Members of the Andover Police Department gave a seminar to the Class of 2019 during Wellness Week about the drug and alcohol problem in the both the town of Andover and our school community. In one part of the talk, officers began to discuss Lawrence, Mass., and described the many drug dealers from Lawrence that sell illicit substances to Andover residents. They spent a considerable amount of time depicting the drug issue in Lawrence as pressing and widespread.
When I heard these claims, I was incredibly offended and protective of the city I have lived in for the past 11 years. I acknowledge that I am inevitably biased because of my love of and history with the city. Still to me, however, it seemed like the police officers were exaggerating the drug problem in Lawrence, characterizing my home as a place filled with crime and violence. My face became flushed. Angry and somewhat irrational thoughts filled my mind, and I saw the officers offering a severely one-sided narrative that misrepresented my town. It bothered me more when I heard disparaging comments about Lawrence that depicted it as a town filled with drugs and violence. It seemed as though the officer painted a largely incomplete narrative of the city, thus influencing biases in the other students.
I’ve had some time to rationalize, control my anger and reflect on various perspectives of the city of Lawrence. I have continued to find, though, that the general public tends to present this largely one-sided view of the city. Boston Magazine, for instance, called Lawrence the “City of the Damned” and “the most godforsaken place in Massachusetts.” Headlines and articles like these bring unnecessary fear and introduce prejudice to outsiders, distorting their views of the city.
The difference between outsiders and myself is that I’ve had the opportunity to live in and understand the city of Lawrence. Yes, I have relatives and friends that have dealt with the worst that Lawrence has to offer. I know people impacted by robberies, drug deals and violence. Unemployment is high and the politics are dirty. These facts often end up making headlines. But, this is not the full view of the city. I speak from personal experience when I say that Lawrence has endless positives to offer as well.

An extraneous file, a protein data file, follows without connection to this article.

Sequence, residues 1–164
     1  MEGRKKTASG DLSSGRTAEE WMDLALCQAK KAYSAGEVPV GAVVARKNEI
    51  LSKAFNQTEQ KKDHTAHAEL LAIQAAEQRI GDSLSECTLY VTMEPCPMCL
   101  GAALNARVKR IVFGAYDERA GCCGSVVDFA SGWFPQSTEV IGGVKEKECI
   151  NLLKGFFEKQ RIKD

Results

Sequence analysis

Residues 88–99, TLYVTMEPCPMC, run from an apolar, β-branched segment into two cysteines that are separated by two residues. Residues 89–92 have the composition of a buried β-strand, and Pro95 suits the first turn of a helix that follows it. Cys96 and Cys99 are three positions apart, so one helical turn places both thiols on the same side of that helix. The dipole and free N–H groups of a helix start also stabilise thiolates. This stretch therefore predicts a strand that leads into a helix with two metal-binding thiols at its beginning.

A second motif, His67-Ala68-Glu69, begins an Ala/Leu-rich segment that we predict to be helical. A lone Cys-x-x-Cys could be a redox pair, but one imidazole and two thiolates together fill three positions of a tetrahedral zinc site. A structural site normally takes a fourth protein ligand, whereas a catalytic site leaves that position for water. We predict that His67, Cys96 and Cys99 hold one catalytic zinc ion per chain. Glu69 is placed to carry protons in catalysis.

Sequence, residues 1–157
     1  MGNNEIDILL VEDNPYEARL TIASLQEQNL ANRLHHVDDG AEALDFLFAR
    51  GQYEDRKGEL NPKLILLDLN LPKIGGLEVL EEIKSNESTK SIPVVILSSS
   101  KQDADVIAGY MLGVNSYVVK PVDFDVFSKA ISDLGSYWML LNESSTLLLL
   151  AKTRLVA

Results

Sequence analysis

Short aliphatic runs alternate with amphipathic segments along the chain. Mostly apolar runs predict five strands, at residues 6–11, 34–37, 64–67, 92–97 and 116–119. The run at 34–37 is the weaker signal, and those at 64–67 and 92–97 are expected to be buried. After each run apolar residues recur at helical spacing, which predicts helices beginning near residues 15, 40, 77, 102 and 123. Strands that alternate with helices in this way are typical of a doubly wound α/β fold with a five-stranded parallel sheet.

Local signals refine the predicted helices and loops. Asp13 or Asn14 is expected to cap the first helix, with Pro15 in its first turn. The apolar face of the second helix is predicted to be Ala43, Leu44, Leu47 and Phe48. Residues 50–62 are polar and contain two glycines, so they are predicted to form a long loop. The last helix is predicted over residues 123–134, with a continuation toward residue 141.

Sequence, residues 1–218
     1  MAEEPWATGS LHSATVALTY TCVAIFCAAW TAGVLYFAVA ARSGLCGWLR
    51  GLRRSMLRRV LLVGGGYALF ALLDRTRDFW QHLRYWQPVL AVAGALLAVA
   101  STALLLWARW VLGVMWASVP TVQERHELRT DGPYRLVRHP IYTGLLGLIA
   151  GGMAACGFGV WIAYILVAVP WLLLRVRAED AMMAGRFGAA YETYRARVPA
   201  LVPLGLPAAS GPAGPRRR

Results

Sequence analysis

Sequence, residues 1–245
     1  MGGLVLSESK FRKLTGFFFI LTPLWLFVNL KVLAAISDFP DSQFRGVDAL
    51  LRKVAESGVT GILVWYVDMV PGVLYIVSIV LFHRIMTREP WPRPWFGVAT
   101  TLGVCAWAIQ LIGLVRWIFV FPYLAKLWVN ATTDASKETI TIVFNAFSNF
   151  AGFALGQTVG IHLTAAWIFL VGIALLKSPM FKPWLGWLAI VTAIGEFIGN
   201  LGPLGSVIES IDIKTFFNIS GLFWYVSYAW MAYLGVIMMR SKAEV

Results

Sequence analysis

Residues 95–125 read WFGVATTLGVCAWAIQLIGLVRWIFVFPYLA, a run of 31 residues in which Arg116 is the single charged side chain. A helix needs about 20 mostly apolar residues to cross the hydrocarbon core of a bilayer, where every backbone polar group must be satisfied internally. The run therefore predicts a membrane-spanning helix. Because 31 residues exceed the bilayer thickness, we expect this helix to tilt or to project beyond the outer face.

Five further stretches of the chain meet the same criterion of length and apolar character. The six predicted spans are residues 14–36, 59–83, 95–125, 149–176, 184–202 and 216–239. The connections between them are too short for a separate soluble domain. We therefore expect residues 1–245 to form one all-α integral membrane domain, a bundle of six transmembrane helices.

The best thing the city has to offer is its incredible sense of community and pride. I’ve been to the Y.M.C.A., the churches and the meal centers. Many of the people in Lawrence are proud of what they do and are proud of their community. It’s big enough to never make you feel bored, but small enough that you are never lost or alone. Walking down Broadway, you have no trouble finding a barbershop or bodega. Basketball and soccer are immensely popular, and there is always a friendly pickup game closeby. The city has a deep and rich history from when it was a melting pot for immigrants that worked in the mills. There is also a lively, welcoming Catholic community that has supported me and helped shape who I am.
The point of this article is not to outlet all of my anger, but to clear up the generalizations about Lawrence. Of course, the city is plagued by the omnipresent issues of poverty and crime. It would be wrong for me to characterize Lawrence as a utopia. We must, however, cease to see it from a one-sided point of view.
I was conflicted to even write about this topic because I thought it might come off as defensive and overly sensitive. Yet, the harmful generalizations surrounding Lawrence must be brought into campus conversation. Every city has generalizations surrounding it, but it is important not to let ignorance get in the way of respecting and understanding each unique setting. For Andover, a community that prides itself on pushing societal norms, it is vital that we challenge and correct these misconceptions. Lawrence is a ten-minute drive away from our campus, and it is important that we better accept and comprehend the entirety of this city.